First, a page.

When you purchase an item in-store or order a product offline, you expect it to function safely and as advertised. When a product causes harm instead, consumers may be able to recoup the cost of their damages.
Determining who can be held responsible in a product liability case can be challenging, though. At Prince Law Firm, our lawyers work closely with Illinois injury victims to determine potential defendants for their claims. This process often includes determining whether a retailer can be held responsible for a defective product.
What Is a Defective Product?
A defective product can be defined as a product that does not function as intended or advertised, and that causes serious injury or damage to the consumer or user. Defects may fall into the following categories:
- Design – This type of defect exists within the design itself.
- Manufacturing – This type of defect occurs during the manufacturing process.
- Labeling – This type of defect fails to warn consumers of critical information.
When a product malfunctions, does not perform as advertised or lacks warning labels that advise consumers of correct usage, it is defective. Injuries, property damage, or other damages caused by a defective product are compensable in a product liability claim.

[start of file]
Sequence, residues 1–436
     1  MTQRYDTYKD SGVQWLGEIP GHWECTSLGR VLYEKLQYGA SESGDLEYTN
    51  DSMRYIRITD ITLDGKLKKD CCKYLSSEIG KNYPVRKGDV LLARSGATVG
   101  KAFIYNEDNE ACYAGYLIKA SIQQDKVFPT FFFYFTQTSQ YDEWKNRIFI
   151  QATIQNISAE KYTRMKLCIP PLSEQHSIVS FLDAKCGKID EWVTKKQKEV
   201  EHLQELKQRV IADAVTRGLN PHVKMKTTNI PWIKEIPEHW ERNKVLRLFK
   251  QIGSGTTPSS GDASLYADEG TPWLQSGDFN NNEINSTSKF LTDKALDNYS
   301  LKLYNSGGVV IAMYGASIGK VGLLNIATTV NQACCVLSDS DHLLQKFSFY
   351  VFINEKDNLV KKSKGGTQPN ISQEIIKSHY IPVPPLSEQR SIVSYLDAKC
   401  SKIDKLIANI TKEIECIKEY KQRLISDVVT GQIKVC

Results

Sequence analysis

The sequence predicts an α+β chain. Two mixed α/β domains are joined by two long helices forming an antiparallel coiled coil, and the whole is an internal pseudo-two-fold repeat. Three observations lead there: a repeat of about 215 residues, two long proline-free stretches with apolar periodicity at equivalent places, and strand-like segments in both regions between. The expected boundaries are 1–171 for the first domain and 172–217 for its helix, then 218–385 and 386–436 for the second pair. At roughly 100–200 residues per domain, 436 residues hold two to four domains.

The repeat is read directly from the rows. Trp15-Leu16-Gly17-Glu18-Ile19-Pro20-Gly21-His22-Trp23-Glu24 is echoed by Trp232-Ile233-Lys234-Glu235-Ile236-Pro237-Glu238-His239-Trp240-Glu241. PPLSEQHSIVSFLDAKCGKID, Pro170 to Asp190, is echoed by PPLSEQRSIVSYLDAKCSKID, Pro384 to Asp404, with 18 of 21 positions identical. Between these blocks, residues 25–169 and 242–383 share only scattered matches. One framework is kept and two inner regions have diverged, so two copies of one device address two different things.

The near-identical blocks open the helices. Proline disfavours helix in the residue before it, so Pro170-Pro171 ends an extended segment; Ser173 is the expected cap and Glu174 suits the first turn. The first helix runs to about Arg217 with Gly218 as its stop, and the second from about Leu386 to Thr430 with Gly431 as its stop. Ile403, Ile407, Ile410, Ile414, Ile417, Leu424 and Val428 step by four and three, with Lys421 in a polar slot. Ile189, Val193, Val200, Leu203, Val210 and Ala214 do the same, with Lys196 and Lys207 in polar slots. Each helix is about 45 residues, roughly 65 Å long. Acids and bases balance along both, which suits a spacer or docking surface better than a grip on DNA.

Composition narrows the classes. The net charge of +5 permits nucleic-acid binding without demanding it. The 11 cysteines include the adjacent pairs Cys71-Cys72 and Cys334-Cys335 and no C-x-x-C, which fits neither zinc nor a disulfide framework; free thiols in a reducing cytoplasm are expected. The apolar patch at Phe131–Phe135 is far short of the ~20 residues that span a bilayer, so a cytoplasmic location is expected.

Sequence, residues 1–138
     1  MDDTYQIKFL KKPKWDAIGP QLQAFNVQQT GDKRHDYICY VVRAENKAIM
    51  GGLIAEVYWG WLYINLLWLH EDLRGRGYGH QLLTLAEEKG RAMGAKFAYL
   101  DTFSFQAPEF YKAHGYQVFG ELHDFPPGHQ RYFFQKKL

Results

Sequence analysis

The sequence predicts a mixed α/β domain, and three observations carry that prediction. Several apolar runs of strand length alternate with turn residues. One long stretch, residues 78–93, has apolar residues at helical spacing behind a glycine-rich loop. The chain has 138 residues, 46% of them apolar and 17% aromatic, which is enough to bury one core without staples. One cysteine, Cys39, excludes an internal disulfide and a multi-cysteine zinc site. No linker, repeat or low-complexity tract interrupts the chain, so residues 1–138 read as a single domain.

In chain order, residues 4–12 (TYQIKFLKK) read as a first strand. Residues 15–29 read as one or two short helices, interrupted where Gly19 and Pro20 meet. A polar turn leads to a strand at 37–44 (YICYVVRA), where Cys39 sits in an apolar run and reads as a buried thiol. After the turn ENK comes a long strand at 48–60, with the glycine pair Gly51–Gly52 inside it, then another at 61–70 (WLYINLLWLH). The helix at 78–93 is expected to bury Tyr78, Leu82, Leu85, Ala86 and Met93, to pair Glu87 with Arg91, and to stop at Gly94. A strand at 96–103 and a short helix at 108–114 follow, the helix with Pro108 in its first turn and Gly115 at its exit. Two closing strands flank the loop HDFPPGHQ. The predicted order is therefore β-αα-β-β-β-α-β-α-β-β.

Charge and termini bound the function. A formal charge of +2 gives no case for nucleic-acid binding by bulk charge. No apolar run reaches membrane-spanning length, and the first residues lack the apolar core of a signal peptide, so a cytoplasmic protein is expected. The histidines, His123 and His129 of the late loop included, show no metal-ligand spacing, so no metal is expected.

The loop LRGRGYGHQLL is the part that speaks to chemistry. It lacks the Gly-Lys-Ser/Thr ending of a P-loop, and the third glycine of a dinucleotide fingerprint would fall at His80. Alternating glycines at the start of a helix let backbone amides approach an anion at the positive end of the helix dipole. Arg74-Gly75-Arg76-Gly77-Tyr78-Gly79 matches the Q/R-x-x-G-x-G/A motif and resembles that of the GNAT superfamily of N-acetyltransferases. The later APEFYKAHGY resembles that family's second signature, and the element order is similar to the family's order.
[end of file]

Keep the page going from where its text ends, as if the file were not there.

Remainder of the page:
When Can a Retailer Be Held Responsible for a Defective Product?
Product liability lawsuits often name the manufacturer or designer of a product as the at-fault parties. However, there may be a third party that is also responsible for your injuries—the retailer who sold the product.
A retailer can often be held responsible for the harm caused by a defective product. When a retailer stocks an item for sale and advertises it to customers, they are implying that it is safe and appropriate for use by consumers. Even if a retailer was not aware of the dangers of a certain product, its endorsement of the product’s safety and efficacy that caused harm is sufficient to file a product liability lawsuit against the business.
What Is a Retailer?
A retailer is a business or person that sells products to consumers, generally in small quantities, for the purpose of consumption, not resale. A retail establishment is a place where you might purchase groceries, clothing, or household items. Some of the largest retailers in Marion, IL include:
- Sam’s Club
- Dollar Tree
- Home Depot
Marion is also located within driving distance of several other cities, including Chicago, where consumers sometimes travel to shop or visit retailers that do not have physical locations in our city.
Can I Hold Amazon Responsible for a Defective Product?
With an average of 66,000 U.S. orders shipped every hour, Amazon is the largest online retailer in the United States. Product liability cases involving items purchased from Amazon can be complicated, though. Some products sold on the retailer’s website are not actually sold by Amazon, but by third-party sellers who are using Amazon’s platform. Although these products are listed as “fulfilled by Amazon,” they are not actually sold by them.